Season the chili: Add the oregano, vinegar and the red pepper flakes to taste. Season with salt and pepper. Try to make this chili the day before, as chili tastes best the next day. You will probably have to re-season the chili when you reheat it. Just add a dash of chili powder, salt and pepper.

Toppings could/should include the following: cilantro-lime sour cream (sour cream mixed with fresh lime juice and finely chopped cilantro), sliced jalapeno, feather-thin shredded Cheddar cheese, lime wedges and, of course, the bacony Pinto beans.

Read More

Maple-Bourbon Pecan Pie /// Portion

I’m Kelsey. A pie baker, food journalist and culinary student with a serious love for bringing people together with food, and coauthor of Portion. I’m the kind of person you might regret bringing up subjects like “bread” or “barbecue,” because I will go on and on about that particular topic before realizing no one is listening. I co-created this blog, Portion, with Hannah, a wonderful designer and food photographer. Gosh, she’s good at what she does, and I’m so thankful to be working with her. We both just moved to Portland, OR and met through an internship at Kinfolk magazine. After meeting, we soon realized that we have a shared passion for food and design and that our respective skills complimented each other well. I like to write, develop recipes, cook (and eat), while Hannah is skilled at graphic design, styling, and photography.

I’m Hannah. A graphic designer and photographer whose favorite subject to shoot happens to be food. Don’t count on eating your meal right away around me, because I’m bound to want to photograph it even if just a quick snapshot for Instagram. Yes, I’m one of those Instagramers. After keeping my own personal food blog for the past three years the occurrence of my content began to wane, because I’m no chef or baker. I just love styling and photographing food! I was delighted to meet Kelsey upon our new venture with Kinfolk. I’d hoped to work with a foodie someday, and I was thrilled Kelsey was on board to start Portion. I’m no food critic, but these recipes are not to be missed!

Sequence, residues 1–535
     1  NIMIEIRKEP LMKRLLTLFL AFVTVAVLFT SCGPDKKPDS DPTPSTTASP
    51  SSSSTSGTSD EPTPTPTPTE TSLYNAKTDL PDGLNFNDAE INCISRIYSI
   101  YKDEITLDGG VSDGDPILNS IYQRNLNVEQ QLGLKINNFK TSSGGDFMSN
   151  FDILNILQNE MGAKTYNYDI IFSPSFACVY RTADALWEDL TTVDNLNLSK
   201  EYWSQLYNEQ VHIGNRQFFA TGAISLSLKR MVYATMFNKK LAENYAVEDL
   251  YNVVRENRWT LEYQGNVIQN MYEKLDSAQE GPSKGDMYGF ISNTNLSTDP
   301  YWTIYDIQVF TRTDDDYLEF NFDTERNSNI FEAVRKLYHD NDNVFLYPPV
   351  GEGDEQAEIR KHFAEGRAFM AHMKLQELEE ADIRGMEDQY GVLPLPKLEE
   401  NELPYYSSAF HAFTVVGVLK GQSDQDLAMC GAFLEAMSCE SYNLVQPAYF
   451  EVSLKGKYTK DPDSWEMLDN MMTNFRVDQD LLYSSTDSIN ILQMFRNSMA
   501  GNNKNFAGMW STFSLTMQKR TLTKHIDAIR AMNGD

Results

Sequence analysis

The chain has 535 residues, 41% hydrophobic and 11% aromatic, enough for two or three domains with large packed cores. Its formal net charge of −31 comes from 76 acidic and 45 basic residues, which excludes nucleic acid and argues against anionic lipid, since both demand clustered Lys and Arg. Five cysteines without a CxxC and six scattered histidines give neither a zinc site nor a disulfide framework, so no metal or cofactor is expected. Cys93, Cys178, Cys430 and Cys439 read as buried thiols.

Maple-Bourbon Pecan Pie /// Portion
Maple-Bourbon Pecan Pie /// Portion

So this brings us to our first post.

Let me, Kelsey, talk about my favorite subject: pie. It’s the shareable pastry that gets passed around the holiday table. It’s the wonderful dessert that’s appropriate to eat with even more dessert, like a dollop of fresh whipped cream or scoop of melty vanilla ice cream. It’s the circular confection that gets sliced into perfect portions. Whether it’s custard-filled or crumble-topped, I could eat a slice of pie like it’s a slice of pizza for dinner.

And so, with rolling pin in hand, I’m here in a new kitchen in a new city with all my pie-making essentials to share with you my recipe for Maple-Bourbon Pecan Pie. Thanksgiving’s over, you say! Blah blah blah I get it. We think of pie as an autumnal pleasure, but this recipe is too good to restrict to just one season. It deserves some year-round attention. Does there really have to be a season for rich, all-butter crusts? For silky fillings textured with toasted pecans? And for, um, bourbon?

No, I say there shouldn’t be just the one season that’s designated as pie season. Because the opulent aroma of caramelizing sugars that will fill your home as it bakes should be enjoyed anytime of the year. After all, this is the kind of pie that will bring the people you love together to share.

Maple-Bourbon Pecan Pie /// Portion

Maple-Bourbon Pecan Pie

This pie has all the flavor of a traditional pecan pie, but with a few exciting additions. Swap maple syrup for the typical corn syrup for a more vibrant and aromatic flavor. Dark muscovado sugar is a moist molasses sugar that will give the pie some deeper caramel notes. And toasting the pecans before baking them into the pie helps develop a richer, roasted profile. And then add some bourbon, because no pecan pie is complete without this Southern libation. Serve a warm wedge of this pie with fresh whipped cream. (Just a suggestion. You’re welcome).

// Crust //
2 sticks butter
1 cup ice water
2 ½ cups flour
1 Tablespoon sugar
1 teaspoon salt
1 egg with a splash of water for an egg wash

// Filling //
1 cup pure maple syrup
1/2 cup (packed) dark muscovado sugar (can substitute dark brown sugar)
3 large eggs
3 tablespoons browned butter
1 tablespoon all-purpose flour
1 teaspoon vanilla paste (can substitute vanilla extract)
Pinch of salt
2 Tablespoons bourbon
2 cups toasted pecan halves

// For the crust //
Cut the butter into small cubes and place in the freezer, and get cup of ice water ready. In a large bowl, whisk together the flour, sugar and salt. Sprinkle the butter into the flour mixture, and using your hands or a pastry blender, begin working the butter into the flour. Once the butter is a little bigger than pea-sized pebbles, start drizzling in the water and mixing the dough until it comes together in a shaggy ball. Gently knead and divide the dough in half. Place each half on a piece of plastic wrap, shape into a ball and then press into a disk. Wrap it with the plastic wrap and place in the refrigerator for at least 1 hour. Roll and crimp the crust in a 9-inch pie pan, and brush with the egg wash. Let it rest in the freezer while you prepare the filling.

// For the filling //
Preheat oven to 350°F. In a medium bowl, whisk all the ingredients together, except for the pecans. Spread the pecans in the prepared crust, and pour the filling over. Bake until the filling is puffed and set, about 45 minutes to 1 hour. Let pie cool completely (if you can).

Read More